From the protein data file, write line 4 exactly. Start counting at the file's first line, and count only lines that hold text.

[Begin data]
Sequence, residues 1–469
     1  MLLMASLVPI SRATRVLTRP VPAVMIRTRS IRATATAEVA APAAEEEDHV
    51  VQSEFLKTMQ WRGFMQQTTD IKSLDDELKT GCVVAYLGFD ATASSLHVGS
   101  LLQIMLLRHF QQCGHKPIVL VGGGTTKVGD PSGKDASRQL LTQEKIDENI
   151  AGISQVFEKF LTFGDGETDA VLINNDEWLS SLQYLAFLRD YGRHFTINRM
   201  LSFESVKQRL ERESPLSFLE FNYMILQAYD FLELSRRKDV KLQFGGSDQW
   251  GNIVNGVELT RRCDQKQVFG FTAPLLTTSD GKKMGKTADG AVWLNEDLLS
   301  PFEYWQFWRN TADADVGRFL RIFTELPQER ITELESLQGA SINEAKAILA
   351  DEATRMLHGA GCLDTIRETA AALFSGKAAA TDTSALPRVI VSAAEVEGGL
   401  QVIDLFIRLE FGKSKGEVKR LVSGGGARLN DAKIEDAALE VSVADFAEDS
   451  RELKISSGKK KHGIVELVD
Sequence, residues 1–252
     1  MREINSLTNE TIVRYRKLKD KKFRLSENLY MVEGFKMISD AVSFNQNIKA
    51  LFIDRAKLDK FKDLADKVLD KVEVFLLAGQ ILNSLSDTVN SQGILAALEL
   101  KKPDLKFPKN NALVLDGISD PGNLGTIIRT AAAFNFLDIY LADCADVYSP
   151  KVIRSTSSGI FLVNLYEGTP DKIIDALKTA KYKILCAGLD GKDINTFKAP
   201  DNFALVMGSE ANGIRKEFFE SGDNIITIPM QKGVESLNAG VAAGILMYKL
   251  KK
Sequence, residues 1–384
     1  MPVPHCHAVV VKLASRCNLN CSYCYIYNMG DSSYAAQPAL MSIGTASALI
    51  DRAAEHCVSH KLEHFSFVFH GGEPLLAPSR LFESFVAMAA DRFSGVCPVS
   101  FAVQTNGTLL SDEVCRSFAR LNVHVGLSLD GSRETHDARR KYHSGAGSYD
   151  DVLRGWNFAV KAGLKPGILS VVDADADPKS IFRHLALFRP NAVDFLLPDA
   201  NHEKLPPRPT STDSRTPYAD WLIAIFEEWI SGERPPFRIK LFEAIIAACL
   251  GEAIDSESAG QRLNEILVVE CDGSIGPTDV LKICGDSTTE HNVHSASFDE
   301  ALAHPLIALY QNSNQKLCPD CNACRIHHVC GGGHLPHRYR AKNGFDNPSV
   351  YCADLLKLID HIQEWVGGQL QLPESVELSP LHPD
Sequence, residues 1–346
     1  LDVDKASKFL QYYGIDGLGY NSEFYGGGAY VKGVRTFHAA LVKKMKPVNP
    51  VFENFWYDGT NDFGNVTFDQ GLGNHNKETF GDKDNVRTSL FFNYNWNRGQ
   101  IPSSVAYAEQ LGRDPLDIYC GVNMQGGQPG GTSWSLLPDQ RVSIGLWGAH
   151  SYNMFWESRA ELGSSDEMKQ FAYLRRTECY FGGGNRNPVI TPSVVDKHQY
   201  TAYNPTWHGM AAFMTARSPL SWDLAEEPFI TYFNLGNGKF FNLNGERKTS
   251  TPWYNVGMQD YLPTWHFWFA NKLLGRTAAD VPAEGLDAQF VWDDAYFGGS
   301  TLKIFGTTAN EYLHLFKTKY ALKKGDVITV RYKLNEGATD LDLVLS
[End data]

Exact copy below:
   101  LLQIMLLRHF QQCGHKPIVL VGGGTTKVGD PSGKDASRQL LTQEKIDENI